Thursday, September 26, 2013

Last(ing) Agape

Agape loveLast Tuesday, we held our last Agape meal at White Stone House – the last time our committed members will meet on a Tuesday night and share a meal together, a meal which includes the bread and the cup of communion.

We’ve done this every Tuesday night for just over ten years.

A dear friend shared this on Facebook afterwards: “For those who have a clue what I’m on about: White Stone had our last ever Agape meal last night and I’ve been experiencing almost physical levels of grief ever since. For those who don’t: life has hard bits and this is one of them.”

Life has hard bits and this is one of them. Yes. Yet that same friend ended our time together by reading from Paul’s letter to the Romans about hope. “Hope does not disappoint us.” We needed to hear that as we look to our diverging future paths.

It dovetailed with something I read out earlier that evening. Paul again, this time to the Corinthians: the famous passage about love. Even good, holy, exciting, wonderful things “will pass away” writes Paul, but “love will never pass away”. The lasting fruit that has grown among us over our years together, through good times and bad – is love.

White Stone may pass away; all our genuine love will remain.

The next day, I was reading 1Corinthians 13 again. With the help of, I looked up Wycliffe’s translation (one of the earliest bible translations into English). Its 14th century vocabulary and cadences sound odd to our ears – but I also found it oddly fresh and striking. So I end this post – probably my last before White Stone finally ends altogether this coming Saturday – with these words about what Wycliffe calls charity, and we call love, and Paul called agape: the greatest gift of all.
If I speak with tongues of men and of angels, and I have not charity, I am made as brass sounding, or a cymbal tinkling. And if I have prophecy, and know all mysteries, and all science, and if I have all faith, so that I move hills from their place, and I have not charity, I am nought. And if I part all my goods into the meats of poor men, and if I betake my body, so that I burn, and if I have not charity, it profiteth to me nothing.
   Charity is patient, it is benign; charity envieth not, it doeth not wickedly, it is not blown with pride, it is not covetous of worships, it seeketh not those things that be his own, it is not stirred to wrath, it thinketh not evil, it joyeth not on wickedness, but it joyeth together to truth; it suffereth all things, it believeth all things, it hopeth all things, it sustaineth all things.
   Charity falleth never down, whether prophecies shall be voided, either languages shall cease, either science shall be destroyed. For a part we know, and a part we prophesy; but when that shall come that is perfect, that thing that is of part shall be voided. When I was a little child, I spake as a little child, I understood as a little child, I thought as a little child; but when I was made a man, I voided those things that were of a little child. And we see now by a mirror in darkness, but then face to face; now I know of part, but then I shall know, as I am known. And now dwelleth faith, hope, charity, these three; but the most of these is charity.
(1Corinthians 13, Wycliffe Bible)

Thursday, September 05, 2013

When life sucks...

The big tall tailor always comes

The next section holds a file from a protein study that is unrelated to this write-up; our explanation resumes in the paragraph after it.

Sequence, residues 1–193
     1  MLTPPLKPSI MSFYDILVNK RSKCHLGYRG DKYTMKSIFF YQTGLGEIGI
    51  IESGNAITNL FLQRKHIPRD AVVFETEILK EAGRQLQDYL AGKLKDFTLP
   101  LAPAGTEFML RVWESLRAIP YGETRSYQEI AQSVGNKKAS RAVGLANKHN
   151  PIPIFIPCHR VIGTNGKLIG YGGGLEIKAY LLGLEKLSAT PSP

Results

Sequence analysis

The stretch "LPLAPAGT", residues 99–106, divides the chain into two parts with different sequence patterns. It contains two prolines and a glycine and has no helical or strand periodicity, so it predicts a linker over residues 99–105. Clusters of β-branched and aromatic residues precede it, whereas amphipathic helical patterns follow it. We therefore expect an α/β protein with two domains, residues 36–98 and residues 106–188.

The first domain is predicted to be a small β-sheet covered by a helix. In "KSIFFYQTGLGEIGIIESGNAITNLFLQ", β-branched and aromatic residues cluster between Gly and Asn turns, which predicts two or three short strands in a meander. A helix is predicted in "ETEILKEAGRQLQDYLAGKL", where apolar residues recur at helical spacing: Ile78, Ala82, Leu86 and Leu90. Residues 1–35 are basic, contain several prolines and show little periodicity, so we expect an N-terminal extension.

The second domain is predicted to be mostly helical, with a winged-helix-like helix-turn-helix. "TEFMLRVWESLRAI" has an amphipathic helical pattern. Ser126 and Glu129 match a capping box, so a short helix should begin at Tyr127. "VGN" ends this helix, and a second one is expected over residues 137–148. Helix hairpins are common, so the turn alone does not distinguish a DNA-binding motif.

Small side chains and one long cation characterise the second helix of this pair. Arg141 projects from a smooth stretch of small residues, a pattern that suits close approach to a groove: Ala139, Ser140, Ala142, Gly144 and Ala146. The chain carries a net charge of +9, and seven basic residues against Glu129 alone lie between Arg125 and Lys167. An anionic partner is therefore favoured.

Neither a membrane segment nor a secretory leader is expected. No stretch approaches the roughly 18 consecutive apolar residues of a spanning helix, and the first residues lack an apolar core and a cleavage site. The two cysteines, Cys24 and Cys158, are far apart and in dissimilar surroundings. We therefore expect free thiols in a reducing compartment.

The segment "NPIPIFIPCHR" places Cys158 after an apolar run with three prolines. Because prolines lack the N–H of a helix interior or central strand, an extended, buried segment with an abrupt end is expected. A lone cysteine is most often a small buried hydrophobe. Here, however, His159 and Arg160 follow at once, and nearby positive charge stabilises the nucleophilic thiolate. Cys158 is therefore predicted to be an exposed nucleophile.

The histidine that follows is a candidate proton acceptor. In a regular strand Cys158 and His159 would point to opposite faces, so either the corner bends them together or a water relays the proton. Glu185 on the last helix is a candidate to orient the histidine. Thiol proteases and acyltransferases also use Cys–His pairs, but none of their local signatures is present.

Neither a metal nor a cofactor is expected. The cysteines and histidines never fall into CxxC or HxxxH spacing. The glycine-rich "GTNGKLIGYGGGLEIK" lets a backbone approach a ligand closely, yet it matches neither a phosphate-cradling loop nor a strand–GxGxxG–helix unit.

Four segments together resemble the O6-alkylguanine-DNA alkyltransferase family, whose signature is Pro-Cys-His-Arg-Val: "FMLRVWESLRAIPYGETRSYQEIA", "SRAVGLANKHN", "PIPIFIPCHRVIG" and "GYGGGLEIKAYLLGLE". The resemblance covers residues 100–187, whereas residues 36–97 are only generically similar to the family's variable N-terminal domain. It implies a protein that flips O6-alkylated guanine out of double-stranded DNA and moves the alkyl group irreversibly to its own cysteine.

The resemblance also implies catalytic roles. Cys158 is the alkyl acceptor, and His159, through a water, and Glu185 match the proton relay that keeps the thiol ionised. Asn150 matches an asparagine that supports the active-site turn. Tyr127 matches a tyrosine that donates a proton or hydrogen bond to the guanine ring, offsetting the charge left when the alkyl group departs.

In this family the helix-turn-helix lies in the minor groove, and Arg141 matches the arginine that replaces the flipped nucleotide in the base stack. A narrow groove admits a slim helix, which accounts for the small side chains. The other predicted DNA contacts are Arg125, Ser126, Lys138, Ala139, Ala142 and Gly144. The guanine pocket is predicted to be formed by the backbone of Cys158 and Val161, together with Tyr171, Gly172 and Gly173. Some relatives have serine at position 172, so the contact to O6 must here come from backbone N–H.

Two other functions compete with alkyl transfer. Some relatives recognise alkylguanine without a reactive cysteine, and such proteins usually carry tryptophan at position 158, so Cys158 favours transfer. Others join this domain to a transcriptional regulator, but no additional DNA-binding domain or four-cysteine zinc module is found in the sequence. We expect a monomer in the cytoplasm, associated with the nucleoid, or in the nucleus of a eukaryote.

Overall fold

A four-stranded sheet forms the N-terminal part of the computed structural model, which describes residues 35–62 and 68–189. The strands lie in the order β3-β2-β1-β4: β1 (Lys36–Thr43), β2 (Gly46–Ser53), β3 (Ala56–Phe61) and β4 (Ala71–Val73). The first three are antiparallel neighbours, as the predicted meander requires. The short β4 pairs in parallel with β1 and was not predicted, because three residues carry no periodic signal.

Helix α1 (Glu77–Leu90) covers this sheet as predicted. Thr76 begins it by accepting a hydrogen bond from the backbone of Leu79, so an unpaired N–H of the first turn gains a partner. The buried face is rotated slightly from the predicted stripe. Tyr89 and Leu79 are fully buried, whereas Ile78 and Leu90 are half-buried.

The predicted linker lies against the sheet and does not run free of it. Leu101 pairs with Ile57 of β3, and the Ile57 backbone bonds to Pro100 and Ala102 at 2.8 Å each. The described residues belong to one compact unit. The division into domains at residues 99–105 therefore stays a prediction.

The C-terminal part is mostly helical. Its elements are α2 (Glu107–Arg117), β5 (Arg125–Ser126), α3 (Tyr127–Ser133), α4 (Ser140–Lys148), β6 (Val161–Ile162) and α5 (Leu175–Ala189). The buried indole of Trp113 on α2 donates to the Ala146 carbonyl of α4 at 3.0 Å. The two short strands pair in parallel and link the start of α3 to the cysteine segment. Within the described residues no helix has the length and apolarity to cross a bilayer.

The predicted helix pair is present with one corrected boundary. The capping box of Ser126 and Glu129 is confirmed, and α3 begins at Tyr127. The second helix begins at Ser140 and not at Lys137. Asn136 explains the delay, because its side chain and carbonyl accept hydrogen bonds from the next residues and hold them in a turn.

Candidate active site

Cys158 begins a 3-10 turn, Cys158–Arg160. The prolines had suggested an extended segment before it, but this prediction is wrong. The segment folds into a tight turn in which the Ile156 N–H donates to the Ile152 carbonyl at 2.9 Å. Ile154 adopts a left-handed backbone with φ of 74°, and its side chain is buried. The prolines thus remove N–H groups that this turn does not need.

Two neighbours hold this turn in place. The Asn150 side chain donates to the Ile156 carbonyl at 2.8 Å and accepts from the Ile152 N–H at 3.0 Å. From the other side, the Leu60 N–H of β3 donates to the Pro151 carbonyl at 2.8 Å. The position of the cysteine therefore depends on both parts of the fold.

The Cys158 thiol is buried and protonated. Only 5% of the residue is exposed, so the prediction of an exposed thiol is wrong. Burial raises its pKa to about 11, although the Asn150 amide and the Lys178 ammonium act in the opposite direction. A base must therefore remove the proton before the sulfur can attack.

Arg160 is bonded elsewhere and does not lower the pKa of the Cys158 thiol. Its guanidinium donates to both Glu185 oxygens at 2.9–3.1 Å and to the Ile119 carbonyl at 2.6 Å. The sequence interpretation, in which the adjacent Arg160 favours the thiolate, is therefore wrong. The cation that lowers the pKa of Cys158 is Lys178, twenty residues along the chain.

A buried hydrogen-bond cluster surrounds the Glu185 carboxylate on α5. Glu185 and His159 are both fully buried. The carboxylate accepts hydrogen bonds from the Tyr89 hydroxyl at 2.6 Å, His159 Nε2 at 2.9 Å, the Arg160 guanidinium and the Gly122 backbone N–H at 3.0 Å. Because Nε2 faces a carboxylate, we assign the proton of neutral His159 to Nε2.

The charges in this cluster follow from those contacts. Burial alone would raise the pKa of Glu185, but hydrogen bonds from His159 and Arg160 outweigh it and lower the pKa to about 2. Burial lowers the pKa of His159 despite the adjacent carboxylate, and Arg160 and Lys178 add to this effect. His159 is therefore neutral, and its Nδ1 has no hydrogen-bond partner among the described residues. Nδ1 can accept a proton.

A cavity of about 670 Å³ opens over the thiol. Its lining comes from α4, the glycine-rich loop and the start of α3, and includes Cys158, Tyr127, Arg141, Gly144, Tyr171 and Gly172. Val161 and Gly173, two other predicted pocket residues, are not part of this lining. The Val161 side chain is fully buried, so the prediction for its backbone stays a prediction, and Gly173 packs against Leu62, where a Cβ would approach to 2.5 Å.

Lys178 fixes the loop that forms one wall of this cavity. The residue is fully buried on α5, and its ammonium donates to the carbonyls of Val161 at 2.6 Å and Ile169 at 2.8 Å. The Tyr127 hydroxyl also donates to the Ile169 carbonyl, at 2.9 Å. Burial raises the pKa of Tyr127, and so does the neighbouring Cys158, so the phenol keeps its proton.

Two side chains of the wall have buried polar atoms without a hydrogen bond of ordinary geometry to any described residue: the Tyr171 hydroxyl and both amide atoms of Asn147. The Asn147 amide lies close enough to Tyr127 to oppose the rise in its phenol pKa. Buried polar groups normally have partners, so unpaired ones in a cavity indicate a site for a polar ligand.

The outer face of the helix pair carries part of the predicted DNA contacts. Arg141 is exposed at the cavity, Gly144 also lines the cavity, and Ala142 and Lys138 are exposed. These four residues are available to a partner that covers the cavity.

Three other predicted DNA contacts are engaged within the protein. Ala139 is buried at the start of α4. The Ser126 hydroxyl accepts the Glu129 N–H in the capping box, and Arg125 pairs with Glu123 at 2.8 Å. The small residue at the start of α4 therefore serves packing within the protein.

To little boys who suck their thumbs...

Two chilling lines of children’s (cough) poetry that I’ve never forgotten from my own childhood. The gist of this (certificate 15?) little poem is that little boys who suck their thumbs will be visited by a sinister tailor who would be most unlikely to be able to produce a clean DBS disclosure; he is equipped with scissors specially designed for snipping the errant thumb-sucker’s thumb clean off. (Read the full poem if you dare here, complete with gruesome illustrations I also remember from my infancy.)

I don’t recall whether or not I sucked my thumb as a small child – probably not given the terrifying tutelage of the tall tailor. But my 5-year-old does. Or rather, did – he recently severed the end of his left thumb. Thus his thumb-sucking days came to an abrupt end (the other thumb, he says, ‘doesn’t taste nice’ – so that’s that.)

The loss of part of his thumb wasn’t, in this case, due to a tall tailor, but an accident involving two boats, lots of blood, an ambulance ride, a small op, and a consolatory bowl of ice cream. A fortnight later, his thumb is now dressed, undressed, redressed, and healing well, thank God. It may even heal completely (we’re praying so). My son seems less disturbed by the whole episode, frankly, than his parents

Why do I write tailors and thumbs and the severance thereof?

Simply that such things can bring a sense of perspective. We’ve been undergoing a fair amount of grief recently due the closure of our community (see last post). Yet, in that moment when I sat in the ambulance and watched the paramedic write ‘amputation’ on his accident record, I experienced a change of perspective. The end of an era, disappointment, dying dreams – such things are indeed painful. But compared to loss of life or limb – not so very terrible. 

There's no denying that we're going through a rather difficult time. Thumbs down, so to speak. If you're a praying person, please pray for us, and if not, then please (as one of my friends puts it) do some 'good-vibing' towards us.
And yet: perspective. Our son is alive (sans thumb-tip). My friends and fellow workers will still be my friends and fellow workers in the new days to come. A new day is dawning. No-one has died. In fact – as many have tried to help me to see – this is in fact a good time, a God time.

And – here’s the rub – even death itself is provisional. With God, as Julian of Norwich once famously expressed it, ‘All shall be well and all shall be well and all manner of thing shall be well.’

So there, big tall tailor!